Soft Target (book)

From Wikipedia, the free encyclopedia
Jump to: navigation, search
Soft Target
Author Zuhair Kashmeri & Brian McAndrew
Country Canada
Language English
Genre Investigative Journalism, Espionage, Canadian Sikhs, Canadian History
Publisher James Lorimer & Company
Publication date
1989 and reprint in 2005
Media type Print Paperback & Cloth
Pages 162
ISBN 1-55028-221-2 (Paperback 1989) & 1-55028-904-7 (2005)
Followed by Reprint in 2005

Soft Target: How the Indian Intelligence Service Penetrated Canada is an investigative journalism work in the form of a book written by two Canadian reporters Zuhair Kashmeri (from Globe and Mail) & Brian McAndrew (from Toronto Star). The authors define Soft Target as "an espionage term used for any country, institution or group of people very easy to penetrate and manipulate for subversive purposes"[1] and argue that the Canadian Sikh community was a "Soft Target" of a covert operation by the Indian government during the 1980s. The book also makes a bold claim that Indian intelligence agencies not only penetrated the Sikh community in order to discredit them world wide and halt the momentum of the demand of an independent Sikhs state, but also manipulated the Royal Canadian Mounted Police (RCMP) and Canadian Security Intelligence Service (CSIS).[1]

Book organization[edit]

The 1989 edition is partitioned into 10 chapters. The authors claim that though the book is written in the form of a spy-thriller, and that all of the facts and documentation are real.

2005 reprint[edit]

The book was republished in the acquittal year of the two accused in the case due to absence of evidence although a third accomplice, Inderjit Singh Reyat pleaded guilty of another related charge of detonating explosives in a forest.[2]

Reyat is seen in the book being fed a story by Indian government agents. That story almost exactly matches the story he told in his plea.[citation needed]


I.J. Singh from the editorial advisory board of The Sikh Review, Calcutta and The Encyclopedia of Sikhism, Punjabi University, Patiala reviews the book as "A gripping tale, cleverly told with clarity and brevity...delves into areas where solid proof is often elusive and evidence rarely follows a straight path".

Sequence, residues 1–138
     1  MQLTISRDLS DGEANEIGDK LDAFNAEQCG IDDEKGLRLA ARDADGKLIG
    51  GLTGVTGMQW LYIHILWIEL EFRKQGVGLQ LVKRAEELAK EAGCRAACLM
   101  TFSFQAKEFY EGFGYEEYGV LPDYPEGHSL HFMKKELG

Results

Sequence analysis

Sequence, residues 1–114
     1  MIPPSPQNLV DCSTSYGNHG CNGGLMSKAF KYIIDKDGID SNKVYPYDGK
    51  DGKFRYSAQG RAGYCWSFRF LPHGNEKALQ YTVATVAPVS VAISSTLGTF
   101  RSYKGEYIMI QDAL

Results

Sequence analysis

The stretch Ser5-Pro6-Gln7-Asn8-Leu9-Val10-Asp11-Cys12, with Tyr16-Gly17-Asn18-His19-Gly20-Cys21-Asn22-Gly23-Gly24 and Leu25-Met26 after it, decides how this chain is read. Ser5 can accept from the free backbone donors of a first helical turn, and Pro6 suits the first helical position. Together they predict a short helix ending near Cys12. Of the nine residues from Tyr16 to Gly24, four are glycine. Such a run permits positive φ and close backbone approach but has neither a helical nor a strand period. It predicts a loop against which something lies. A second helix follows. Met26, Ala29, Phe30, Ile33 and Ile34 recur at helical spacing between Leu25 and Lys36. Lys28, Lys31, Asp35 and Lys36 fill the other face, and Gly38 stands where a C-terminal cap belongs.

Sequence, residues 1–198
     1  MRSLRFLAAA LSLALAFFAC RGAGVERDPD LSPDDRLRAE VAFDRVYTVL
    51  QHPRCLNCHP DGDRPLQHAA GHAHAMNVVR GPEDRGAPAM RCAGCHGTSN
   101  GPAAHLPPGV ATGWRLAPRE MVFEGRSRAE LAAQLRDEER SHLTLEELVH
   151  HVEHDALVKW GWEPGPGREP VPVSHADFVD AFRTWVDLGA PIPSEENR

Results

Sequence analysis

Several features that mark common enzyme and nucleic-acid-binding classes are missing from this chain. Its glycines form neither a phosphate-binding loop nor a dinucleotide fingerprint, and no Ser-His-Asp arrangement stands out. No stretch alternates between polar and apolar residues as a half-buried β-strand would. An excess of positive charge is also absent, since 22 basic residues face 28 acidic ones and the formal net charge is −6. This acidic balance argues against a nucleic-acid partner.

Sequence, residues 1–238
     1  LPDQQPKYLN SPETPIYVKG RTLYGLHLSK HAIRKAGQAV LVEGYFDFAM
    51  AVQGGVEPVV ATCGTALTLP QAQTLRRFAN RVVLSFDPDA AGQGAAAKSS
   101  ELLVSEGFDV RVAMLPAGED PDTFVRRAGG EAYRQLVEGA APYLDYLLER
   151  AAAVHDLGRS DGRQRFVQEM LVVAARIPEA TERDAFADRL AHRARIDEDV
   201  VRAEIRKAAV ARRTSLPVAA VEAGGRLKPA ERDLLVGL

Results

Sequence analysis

This book was later reviewed by the official Commission of Inquiry in Canada based on its description of the events surrounding Flight 182 [3]

The book quotes an investigator from the Canadian Security Investigation Service as saying, “If you really want to clear the incidents quickly, take vans down to the Indian High Commission and the consulates in Toronto and Vancouver, load up everybody and take them down for questioning. We know it and they know it that they are involved.” The book claims that within hours after the flight was blown up, the Indian Consul General in Toronto, Surinder Malik (no relation to Ripudaman Singh Malik), called in a detailed description of the bombing and the names of those he said were involved, information that the Canadian government didn’t discover until weeks later. Mr. Malik said to look on the passenger manifest for the name “L. Singh.” This would turn out to be Lal Singh, who told the press that he was offered “two million dollars and settlement in a nice country” by the Indian regime to give false testimony in the case.[citation needed]

In response to the damming allegations and revelations made in the book, the book was banned in India.[4]

References to the book[edit]

  • International Bibliography of Sikh Studies By Rajwant Singh Chilana pp 455
  • Assessing Canadian Intelligence Literature: 1980-2000 GEOFFREY R WELLER - 2001 - International Journal of Intelligence and CounterIntelligence


  1. ^ a b Zuhair, Kashmeri; McAndrew, Brian (1989). Soft Target: How the Indian Intelligence Service Penetrated Canada. James Lorimer & Company. ISBN 1-55028-221-2. 
  2. ^ "2 although acquitted of the Air India Bombings (CBC News Canada)". 2005-03-17. Retrieved 2007-12-18. 
  3. ^ Commission of Inquiry into the Investigation of the Bombing of Air India Flight 182 TERRORISM, INTELLIGENCE AND LAW ENFORCEMENT–CANADA’S RESPONSE TO SIKH TERRORISM DOSSIER 2)
  4. ^ Telegraph India

See also[edit]

  1. Inderjit Singh Reyat